This Friday, Mexico’s national security spokesperson Alejandro Poire will talk about his country’s public safety strategy at the University of Texas at Austin. I can already tell you what he’ll tell the audience: Mexico is winning its war against the drug cartels. This has been Mexican President Felipe Calderon’s consistent message despite the more than 34,000 bodies and counting since he launched his offensive against the drug cartels in 2006.
Increasingly, the public on both sides of the border is finding Calderon’s reassuring message hard to digest. A poll released in early January by Mexico’s national statistics institute found that more than 70 percent of Mexicans polled believed the security situation had worsened since 2009, according to an article today in the New York Times. For the first time, Mexicans are more worried about safety than about the economy.
On Friday, Poire no doubt, will highlight the number of drug cartel leaders captured and killed. He’ll argue that the Mexican government is dismantling these powerful cartels one capo at a time. But anyone who has been to Tamaulipas, Morelos, Chihuahua or Monterrey recently will tell you that the blood is still flowing in the streets and it doesn’t look like anything close to victory for Mexico’s government.
Instead, the military offensive has revealed the country’s weaknesses for all to see: it’s broken judicial system, the high rates of impunity and poverty. To be fair, Calderon inherited these problems from more than 70 years of PRI dictatorship. It’s not all his fault as Carlos Pascual, the American ambassador, pointed out in the Times article.
“The vast majority of the violence we’ve seen over the past decade in Mexico is not because it has arisen as a result of taking on organized crime,” he said, adding, “It’s that you’ve had impunity within the country because there has never been a legacy of investing in state and local police and in a judicial system that was able to crack down and contain it.”
The problem is Calderon put the cart before the horse. How can Mexico win a war against the drug cartels when there is no mechanism to bring them to justice? In northern Mexico, the jails operate more like turnstiles. It’s to the point where the Tamaulipas Governor Eugenio Hernandez had practically begged Calderon last year for federal help to beef up his state prisons. Any time a cartel needs reinforcement it simply springs some of its members from one of Tamaulipas’ jails.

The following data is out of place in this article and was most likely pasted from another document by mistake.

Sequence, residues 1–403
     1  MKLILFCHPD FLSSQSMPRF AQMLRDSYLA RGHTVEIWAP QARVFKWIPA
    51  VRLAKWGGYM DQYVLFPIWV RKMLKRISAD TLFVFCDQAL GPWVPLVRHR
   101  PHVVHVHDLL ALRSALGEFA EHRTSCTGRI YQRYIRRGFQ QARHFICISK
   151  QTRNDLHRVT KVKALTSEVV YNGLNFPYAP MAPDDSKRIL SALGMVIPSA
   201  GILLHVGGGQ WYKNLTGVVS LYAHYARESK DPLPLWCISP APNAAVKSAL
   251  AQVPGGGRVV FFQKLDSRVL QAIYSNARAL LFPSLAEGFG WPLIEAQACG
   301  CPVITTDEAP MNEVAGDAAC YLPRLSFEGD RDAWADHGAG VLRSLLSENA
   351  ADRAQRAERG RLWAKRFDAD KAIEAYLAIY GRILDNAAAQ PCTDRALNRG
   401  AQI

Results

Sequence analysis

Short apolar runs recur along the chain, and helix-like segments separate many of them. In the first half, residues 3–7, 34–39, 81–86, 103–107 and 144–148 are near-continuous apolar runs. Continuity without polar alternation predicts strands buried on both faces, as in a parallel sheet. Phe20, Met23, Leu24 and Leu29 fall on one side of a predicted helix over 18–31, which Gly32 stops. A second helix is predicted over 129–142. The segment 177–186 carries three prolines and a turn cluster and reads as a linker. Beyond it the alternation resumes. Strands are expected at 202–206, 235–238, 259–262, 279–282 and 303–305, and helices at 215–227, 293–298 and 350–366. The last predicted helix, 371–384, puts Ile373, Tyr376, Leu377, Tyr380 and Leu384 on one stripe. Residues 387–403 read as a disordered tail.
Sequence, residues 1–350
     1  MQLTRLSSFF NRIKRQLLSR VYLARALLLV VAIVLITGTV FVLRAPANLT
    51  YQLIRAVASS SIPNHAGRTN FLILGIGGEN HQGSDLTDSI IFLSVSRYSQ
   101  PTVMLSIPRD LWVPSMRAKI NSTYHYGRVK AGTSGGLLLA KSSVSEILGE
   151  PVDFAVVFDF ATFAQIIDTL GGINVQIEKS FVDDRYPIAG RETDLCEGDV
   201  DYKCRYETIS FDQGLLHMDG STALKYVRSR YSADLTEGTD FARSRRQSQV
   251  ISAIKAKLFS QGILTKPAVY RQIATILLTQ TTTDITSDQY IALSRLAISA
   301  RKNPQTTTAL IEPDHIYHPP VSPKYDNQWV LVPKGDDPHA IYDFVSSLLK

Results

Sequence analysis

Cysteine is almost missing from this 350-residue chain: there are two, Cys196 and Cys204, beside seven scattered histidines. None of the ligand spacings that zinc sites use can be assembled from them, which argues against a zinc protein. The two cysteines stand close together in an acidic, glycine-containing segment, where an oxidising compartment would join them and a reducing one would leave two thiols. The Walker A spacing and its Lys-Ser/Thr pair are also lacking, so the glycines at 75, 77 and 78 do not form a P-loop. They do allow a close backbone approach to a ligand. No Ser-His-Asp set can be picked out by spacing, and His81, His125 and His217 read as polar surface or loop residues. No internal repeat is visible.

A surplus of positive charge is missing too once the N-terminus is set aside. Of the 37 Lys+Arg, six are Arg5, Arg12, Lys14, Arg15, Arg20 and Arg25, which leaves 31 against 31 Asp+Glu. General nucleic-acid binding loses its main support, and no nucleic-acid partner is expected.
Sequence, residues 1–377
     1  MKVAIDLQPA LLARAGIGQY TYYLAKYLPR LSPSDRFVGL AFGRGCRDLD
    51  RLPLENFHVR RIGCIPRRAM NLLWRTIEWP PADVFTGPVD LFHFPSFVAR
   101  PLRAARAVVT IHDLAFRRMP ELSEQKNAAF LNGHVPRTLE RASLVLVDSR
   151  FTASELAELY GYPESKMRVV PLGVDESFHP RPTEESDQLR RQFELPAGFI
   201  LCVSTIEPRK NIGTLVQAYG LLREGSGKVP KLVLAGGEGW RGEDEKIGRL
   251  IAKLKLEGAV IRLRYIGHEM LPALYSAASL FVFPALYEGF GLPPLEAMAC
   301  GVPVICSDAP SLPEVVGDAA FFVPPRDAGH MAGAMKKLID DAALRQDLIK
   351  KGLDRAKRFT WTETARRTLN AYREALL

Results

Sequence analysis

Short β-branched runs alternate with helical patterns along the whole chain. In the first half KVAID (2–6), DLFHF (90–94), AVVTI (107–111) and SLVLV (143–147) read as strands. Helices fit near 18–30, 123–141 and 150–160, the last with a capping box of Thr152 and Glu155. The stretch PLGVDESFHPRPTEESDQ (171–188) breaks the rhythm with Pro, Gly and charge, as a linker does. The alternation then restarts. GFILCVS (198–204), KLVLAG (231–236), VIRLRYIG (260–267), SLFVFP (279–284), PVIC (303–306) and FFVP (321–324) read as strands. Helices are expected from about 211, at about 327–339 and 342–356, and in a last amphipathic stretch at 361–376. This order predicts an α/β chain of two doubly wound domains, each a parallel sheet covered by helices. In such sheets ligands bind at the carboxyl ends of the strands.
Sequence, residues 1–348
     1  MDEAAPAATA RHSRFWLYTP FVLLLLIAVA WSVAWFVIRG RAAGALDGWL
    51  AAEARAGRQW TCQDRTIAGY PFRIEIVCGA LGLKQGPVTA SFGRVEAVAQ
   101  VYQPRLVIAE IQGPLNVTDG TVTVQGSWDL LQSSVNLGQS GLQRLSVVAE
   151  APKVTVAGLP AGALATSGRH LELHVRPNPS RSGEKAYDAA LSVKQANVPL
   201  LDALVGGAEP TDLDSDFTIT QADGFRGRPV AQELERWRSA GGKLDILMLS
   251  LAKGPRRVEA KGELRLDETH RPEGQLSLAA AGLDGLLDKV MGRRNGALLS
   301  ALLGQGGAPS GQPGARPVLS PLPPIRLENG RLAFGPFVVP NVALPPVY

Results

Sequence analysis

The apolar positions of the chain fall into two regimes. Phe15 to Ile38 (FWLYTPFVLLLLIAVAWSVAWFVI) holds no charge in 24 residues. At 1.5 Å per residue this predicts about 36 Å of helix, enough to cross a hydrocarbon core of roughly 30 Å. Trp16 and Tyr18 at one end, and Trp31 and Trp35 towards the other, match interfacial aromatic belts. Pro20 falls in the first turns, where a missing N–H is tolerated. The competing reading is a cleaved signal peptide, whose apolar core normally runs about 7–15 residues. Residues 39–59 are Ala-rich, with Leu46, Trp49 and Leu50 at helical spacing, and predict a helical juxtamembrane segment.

And now the Mexican military and armored convoys are rolling into Ciudad Neza and Mexico City to root out the Zetas and La Familia cartels. After having seen the devastation in northern Mexico, one can only lament the bloodshed that will ensue as soldiers fight on city streets among innocent civilians in one of the world’s most populated cities.
Something needs to be done about the growing plague of organized crime, but is Calderon’s strategy really working? And are we really getting the truth from both Mexican and U.S. officials about how dire things really are? How can gunmen repeatedly rob and sometimes kill people unimpeded on the highway to San Fernando, Tamaulipas for more than a year? How can Ciudad Juarez still be one of the deadliest cities in the world after so many government promises to stop the killing? And there are countless other cities where the cartels rule and the government stays sidelined, like Acapulco where a street vendor tells the Times reporter after yet another massacre in his city: “It is clear the criminals did this to Acapulco, but we do not know why the police cannot control it. I have to pay a bribe to the gangs every week or I will have trouble.”
How can this be winning when the government can’t seem to quell the violence and in many cases only makes it worse? Everyone wants to hear a message of victory, but at the same time we don’t want to be lied to. As the 2012 election in Mexico grows closer, Calderon is staking his political legacy on the success of his war. Poire will no doubt make the case Friday that they’re winning it. Now, if they could only get the facts to agree with them.